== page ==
But this is contrary to the company’s founding principles expressed by Terence Conran: “The useful can be beautiful, the beautiful has to be affordable.”

Louis Ghost by Philippe Starck
Louis Ghost by Philippe Starck


Activists and some solutions…

The florist Gaëtan Aucher and the architect Luc Moulin opened their shop, Fleux (05), in Paris in 2005 with the clear aim of “opening the avant-garde and the conventions of elegance to everyone”. They are fiercely opposed to the idea that a whole section of the population should have no access to design and have to make do with bad copies… and they put their words into practice with products that range from € 2.50 to € 6,800. “There are also very interesting works by young designers whereas experienced designers have royalties that considerably increase the cost of production!” Fleux is fulfilling its mission to judge by its planned extension in January 2009 (from 300 m² to 800 m²).


Prince Impérial_Bonetti, Mattia Garouste, Elisabeth France
Prince Impérial_Bonetti, Mattia Garouste, Elisabeth France


There are nevertheless some designers who have earned their stripes and fight for design that is available to everyone… One of them is Frédéric Périgot, chairman of the company of the same name, and he has announced a collection based on markets and travel that he will co-brand with André Putman. “If one of the first customers hears that beautiful products aren’t reserved for an elite, then she’s nostalgic about Prisunic.” However, designers have to have been trained in industrial reality because “some young designers have no idea of the price their product would have to be sold at,” worries Laurent Mussigmann, thinking of his project with the students who designed for Conforama. “They had to knuckle down to respect the specifications and the costs.”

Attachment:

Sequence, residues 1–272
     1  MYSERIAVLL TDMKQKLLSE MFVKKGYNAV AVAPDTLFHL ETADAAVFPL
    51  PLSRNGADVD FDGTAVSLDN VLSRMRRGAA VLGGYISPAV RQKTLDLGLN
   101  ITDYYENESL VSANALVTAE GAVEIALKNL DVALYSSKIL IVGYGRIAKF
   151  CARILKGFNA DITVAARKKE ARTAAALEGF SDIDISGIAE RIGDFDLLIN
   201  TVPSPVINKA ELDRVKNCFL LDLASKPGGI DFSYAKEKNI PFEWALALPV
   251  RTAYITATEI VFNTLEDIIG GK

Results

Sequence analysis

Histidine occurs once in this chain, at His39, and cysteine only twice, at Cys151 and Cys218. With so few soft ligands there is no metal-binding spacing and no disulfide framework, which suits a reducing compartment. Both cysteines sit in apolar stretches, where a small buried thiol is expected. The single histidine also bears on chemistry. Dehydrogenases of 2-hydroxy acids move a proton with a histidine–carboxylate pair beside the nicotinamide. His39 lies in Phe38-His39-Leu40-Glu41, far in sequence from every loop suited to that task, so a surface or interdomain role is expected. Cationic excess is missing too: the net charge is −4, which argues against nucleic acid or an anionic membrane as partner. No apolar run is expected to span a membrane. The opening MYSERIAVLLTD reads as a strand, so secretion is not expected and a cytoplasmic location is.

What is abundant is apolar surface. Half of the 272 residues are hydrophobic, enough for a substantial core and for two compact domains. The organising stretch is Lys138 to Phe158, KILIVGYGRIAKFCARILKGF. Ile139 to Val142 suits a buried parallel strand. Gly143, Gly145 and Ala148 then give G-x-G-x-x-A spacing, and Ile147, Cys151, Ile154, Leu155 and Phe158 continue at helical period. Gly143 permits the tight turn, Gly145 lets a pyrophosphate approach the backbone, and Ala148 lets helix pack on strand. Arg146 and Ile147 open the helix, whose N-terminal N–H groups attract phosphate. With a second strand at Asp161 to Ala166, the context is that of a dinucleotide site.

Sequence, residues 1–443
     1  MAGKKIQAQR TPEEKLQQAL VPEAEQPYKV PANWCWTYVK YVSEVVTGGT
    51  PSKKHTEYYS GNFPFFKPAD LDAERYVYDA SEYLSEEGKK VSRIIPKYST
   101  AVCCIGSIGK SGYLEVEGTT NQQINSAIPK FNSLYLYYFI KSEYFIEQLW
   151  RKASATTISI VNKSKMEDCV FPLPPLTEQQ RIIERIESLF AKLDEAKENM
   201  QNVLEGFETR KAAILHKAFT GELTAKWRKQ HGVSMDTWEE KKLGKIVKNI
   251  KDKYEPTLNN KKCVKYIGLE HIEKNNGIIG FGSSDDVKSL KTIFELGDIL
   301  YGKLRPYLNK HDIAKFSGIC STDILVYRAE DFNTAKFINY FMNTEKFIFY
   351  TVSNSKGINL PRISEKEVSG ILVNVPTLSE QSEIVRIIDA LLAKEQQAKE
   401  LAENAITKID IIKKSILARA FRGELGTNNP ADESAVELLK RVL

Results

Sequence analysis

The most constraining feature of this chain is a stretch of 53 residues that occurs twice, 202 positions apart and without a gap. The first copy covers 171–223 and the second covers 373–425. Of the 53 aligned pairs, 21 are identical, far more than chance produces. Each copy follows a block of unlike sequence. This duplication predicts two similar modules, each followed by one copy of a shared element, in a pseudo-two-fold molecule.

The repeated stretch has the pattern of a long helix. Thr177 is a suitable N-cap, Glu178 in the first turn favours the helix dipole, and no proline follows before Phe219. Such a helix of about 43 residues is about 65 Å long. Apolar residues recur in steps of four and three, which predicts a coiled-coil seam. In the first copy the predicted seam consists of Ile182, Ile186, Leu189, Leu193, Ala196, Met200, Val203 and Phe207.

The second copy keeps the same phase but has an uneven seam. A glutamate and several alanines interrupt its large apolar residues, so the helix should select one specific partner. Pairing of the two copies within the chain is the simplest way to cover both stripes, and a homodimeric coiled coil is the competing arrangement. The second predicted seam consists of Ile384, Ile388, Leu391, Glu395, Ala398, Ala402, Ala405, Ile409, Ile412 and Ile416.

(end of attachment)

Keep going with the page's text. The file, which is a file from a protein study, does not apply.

In the 80s, Colette Bel contributed to the development of Ecart International. Eight years ago, she founded the Limited & Unlimited agency whose aim is to present the know-how and products of its top-of-the-range manufacturer clients to buyers and architects. She speaks fluently about design and industrial rigour: “Two worlds that both need to exist… Lots of designers would be very keen on creating products for everyone. However, many manufacturers are reluctant to embark on projects without any guarantee of a return on their investment. The ideal scenario is a triangle: the retailer commits itself to marketing the product, the designer creates it and the manufacturer has the guarantee that his product will be sold.”

Poltrona di Proust_Alessandro Mendini
Poltrona di Proust_Alessandro Mendini


An optimistic and realistic vision that echoes Philippe Starck’s views (cf. Magonline # 35 of the Maison & Objet fair): “Dreams, vision, creativity – all of these are money-earners for manufacturers. This financial success is fundamental because it enables them to invest more in technology, which improves the quality of products at the same time as it brings down their prices.” A recipe for a virtuous circle that opens up a vast market of democratic design…
In a similar vein, The Phone House has been selling, since 1st June 2008, a laptop computer sold for as little as 99 euros that is linked to an Internet subscription. This easy access to the Web has all it should take to win over the 45% of the French population who are not yet on-line.
Keith Haring’s idea when he launched his Pop Shop in New York in 1986 was to make his designs (clothes, posters, etc.) available to everyone by selling them at low prices. Some people thought it was a scandal… Should art and design really remain the preserve of an elite?